Impressions of Starry Nights Festival
As a first timer at the Starry Night Festival held in Yucca Valley by the Andromeda Society, I was taken by way it was presented and the way this little (growing) town on the way to Twenty-Nine Palms welcomed and aided in this event. The event did not have an overwhelming attendance but had very enthusiastic attendees.
The Festival was held in the community center. There was no charge to attend and they had Sandwiches, popcorn, and drinks for sale at very reasonable prices (average One Dollar) and our Wally Pacholka had some of his best prints for sale also. The festival actually began Friday with a formal (not the dress type) greeting followed by a workshop by Wally on how to take astrophotos with simple cameras and equipment, out at a local park (Machris Park) near Black Rock CG of the Joshua Tree National Park. Wally said that he had 25 attendees at his workshop.
We ( Matt Ota and myself) arrived on Saturday morning before the speakers’ presentatations that ran from 1pm to 5pm. Matt set up his LX50 in the courtyard with a Coronado H-alpha scope piggybacked for solar viewing. Speaking of solar viewing, we did the 57-60-10 route to the Twenty-nine Palms turn off. Just outside of Ontario at the Milkan Ave. exit we stopped at the San Antonio Winery… no we did not get wine, the smoke from the fires presented a deep red sun in the sky and provided us a fine naked eye view of the two largest sunspots. Now back to the subject the festival. David Levy was the featured speaker and spoke on his favorite pastime…. Discovering Comets. Before David’s talk a raffle was held with 2 eight-inch F5 dobs being the big prizes. There were numerous dinners given away, a picture by our own Wally Pac., books by David Levy which were autographed by him at the moment and 2 $100 gift certificates donated by Starizona.
The talks given by the preceding presenters covered subjects from Light Pollution to New Age Crystals. Sam Davidson gave a talk titled “Astronomy for Dummies”, Joanne Karl introduced attendees to the relationship between “the Integratron”, a structure designed to be free of the effects of the earth magnetic field and fabled Giant Rock area east of Yucca Valley and Joshua tree and their energies for healing and universal communication. Dr. Gary Peterson presented his “Geological Case for Life on Mars” suggesting that at one time mars had large amounts of water based on his observation of landforms. Between talks attendees came out to look at the sun though the scopes. Being next to the museum and the recreation center many non-attendees also came to look.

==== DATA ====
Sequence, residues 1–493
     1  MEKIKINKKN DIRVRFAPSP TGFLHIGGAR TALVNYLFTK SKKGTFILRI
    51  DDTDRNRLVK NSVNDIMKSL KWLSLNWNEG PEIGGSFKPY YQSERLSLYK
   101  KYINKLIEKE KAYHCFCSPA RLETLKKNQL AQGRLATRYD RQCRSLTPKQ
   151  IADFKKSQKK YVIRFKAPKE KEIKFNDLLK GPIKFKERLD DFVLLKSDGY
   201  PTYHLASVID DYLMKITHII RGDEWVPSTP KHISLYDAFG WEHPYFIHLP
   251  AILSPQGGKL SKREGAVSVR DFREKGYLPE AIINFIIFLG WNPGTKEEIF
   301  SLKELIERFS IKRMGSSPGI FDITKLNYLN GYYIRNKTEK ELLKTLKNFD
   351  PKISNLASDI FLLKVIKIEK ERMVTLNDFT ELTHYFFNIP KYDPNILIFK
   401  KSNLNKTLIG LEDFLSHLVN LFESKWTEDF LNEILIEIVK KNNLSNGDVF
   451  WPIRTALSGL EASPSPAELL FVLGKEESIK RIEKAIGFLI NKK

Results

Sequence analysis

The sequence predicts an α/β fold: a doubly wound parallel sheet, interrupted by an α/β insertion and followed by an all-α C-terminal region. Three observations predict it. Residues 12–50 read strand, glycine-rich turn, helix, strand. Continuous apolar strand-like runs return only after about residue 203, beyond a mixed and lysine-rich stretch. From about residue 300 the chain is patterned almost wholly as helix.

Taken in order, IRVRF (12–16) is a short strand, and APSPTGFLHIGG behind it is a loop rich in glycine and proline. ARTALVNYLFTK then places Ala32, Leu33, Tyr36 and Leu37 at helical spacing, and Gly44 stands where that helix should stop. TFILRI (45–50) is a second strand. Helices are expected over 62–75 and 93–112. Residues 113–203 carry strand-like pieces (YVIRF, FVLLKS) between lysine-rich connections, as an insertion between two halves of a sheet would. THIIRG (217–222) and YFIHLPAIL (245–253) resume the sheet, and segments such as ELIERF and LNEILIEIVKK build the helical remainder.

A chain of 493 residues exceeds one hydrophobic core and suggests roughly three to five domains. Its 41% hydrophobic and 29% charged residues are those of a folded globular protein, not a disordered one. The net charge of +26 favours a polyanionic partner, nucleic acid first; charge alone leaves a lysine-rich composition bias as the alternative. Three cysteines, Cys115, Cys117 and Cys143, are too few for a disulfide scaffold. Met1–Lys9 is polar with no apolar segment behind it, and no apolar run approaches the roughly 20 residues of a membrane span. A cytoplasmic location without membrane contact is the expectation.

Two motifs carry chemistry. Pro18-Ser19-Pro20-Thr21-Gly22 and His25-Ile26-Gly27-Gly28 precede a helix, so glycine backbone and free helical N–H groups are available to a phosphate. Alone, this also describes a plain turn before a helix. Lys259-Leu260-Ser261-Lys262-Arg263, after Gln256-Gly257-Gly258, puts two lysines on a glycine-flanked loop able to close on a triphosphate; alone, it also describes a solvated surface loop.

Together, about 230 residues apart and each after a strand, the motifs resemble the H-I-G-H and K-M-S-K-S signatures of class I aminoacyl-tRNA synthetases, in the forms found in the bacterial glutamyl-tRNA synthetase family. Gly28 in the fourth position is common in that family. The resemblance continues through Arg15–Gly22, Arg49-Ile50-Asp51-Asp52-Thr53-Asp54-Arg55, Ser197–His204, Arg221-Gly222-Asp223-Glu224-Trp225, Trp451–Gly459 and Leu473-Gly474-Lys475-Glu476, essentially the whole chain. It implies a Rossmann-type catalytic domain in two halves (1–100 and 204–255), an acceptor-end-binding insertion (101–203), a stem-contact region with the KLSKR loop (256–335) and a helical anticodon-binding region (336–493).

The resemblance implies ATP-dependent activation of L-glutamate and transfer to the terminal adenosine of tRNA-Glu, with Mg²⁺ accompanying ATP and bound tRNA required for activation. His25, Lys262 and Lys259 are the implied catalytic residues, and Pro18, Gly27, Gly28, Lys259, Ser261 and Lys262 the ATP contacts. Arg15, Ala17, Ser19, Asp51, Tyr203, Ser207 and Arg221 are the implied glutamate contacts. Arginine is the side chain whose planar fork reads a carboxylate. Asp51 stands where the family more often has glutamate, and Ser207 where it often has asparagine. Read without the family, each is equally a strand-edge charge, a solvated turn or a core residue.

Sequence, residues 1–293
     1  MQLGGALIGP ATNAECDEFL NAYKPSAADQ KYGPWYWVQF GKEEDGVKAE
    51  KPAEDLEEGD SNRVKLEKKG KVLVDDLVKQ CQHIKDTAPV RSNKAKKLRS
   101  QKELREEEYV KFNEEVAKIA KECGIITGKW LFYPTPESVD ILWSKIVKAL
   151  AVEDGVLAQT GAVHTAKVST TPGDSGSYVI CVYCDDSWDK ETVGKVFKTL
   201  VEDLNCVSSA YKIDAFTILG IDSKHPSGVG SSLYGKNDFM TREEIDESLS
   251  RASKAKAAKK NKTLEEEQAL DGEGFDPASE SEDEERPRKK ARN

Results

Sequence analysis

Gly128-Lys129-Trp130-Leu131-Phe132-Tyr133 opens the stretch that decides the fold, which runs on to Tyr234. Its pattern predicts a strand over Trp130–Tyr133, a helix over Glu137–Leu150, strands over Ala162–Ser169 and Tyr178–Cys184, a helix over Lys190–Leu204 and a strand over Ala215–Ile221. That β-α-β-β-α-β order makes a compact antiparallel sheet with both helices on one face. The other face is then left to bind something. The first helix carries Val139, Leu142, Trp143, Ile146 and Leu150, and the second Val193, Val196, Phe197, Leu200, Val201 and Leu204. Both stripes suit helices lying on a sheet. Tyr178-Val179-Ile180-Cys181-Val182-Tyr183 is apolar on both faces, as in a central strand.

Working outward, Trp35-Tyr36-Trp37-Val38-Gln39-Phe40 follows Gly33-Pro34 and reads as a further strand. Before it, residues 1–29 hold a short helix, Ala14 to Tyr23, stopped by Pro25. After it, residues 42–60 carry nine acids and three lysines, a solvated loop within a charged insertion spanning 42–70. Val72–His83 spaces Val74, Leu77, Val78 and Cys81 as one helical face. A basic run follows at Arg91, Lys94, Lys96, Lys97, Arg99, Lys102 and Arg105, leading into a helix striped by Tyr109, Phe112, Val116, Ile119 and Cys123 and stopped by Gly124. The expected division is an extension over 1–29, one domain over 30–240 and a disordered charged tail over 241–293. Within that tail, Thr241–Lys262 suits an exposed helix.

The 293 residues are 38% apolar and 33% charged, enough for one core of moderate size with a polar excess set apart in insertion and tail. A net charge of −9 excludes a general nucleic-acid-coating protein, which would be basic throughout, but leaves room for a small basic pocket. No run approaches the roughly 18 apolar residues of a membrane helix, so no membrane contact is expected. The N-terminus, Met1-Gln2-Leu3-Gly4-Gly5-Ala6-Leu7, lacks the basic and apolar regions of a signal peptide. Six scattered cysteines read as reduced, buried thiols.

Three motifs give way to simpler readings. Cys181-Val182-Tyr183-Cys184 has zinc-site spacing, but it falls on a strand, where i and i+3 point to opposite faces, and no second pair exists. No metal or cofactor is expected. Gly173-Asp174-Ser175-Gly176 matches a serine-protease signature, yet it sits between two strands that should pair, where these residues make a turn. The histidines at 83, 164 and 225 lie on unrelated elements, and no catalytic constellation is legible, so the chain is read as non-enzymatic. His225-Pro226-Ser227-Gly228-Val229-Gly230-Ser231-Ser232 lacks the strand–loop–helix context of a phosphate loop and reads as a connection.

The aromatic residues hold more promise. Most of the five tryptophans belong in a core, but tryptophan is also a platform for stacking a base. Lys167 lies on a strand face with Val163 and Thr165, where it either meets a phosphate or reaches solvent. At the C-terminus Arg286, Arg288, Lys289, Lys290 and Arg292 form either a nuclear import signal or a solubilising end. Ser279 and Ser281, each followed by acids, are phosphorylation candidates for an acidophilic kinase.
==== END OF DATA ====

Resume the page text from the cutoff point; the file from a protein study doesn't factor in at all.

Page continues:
Saturday night was the main star party from 7 to 10 pm held at the same park that Wally held his workshop? The city had a truck at the turn off with flashing lights and someone to direct us to the park. The city also had a series of shuttle buses leaving the community center for the parking at the park was limited. At the park there was about 20 telescopes set of varying sizes and types. Among them was Sandy Bumgarner who designs remote telescope control systems and modifies web cameras and security cameras for astronomical use. He was demonstrating the use of a Mintron security with a 4-48mm video camera lens piggybacked on a Celestron NexStar 5. The aperture of the lens was about 30mm but with the system he could place the Andromeda Galaxy on the TV screen (9 inch B&W set) that about 2” in size and showed stars down to 10th magnitude.
Other scopes which I observed through was a 80mm MegaRez refractor, a homemade 8” Maksutov, 8” Celestron NexStar, 12.5” Discovery Newtonian dob, 12”Meade LX-200GPS, Vixen 125x20 binoculars, some ETX’s ranging from 90mm – 125mm aperture and the treat of the night, the Cave 6” Astrola belonging to David Levy. With the many non-astronomers attending it took on the look and feel of an outreach. The viewing area even being a city park had excellent sky visibility. The city even turned down the lighting along the main highway to reduce any light pollution and provided some plastic sheeting to the chain link fence as a windbreak. The wind at 10-15mph hindered high-powered views of Mars but let up at times so that one could use at least 100X on some deep sky objects. The sky was excellent with 6.5 magnitude skies but the seeing was bad when viewing mars.
With David’s 6” scope that gave the best contrast views I was able to see the veil nebula in Cygnus without a filter. It was a night that I had the opportunity to view many deep sky objects with instruments less than 10 inches in aperture that I had only been able to see using a instrument of 10 inches or greater in size.
With the way the city helps with this small festival and the pleasant hosts, this first timer at the festival will return. For those that did not go, I say you missed a good time and a lot of interesting people.
By the way, the festival occurs each October and while it may not attract large numbers it represents a well cross-section of open minded humans interested in enjoying the stars!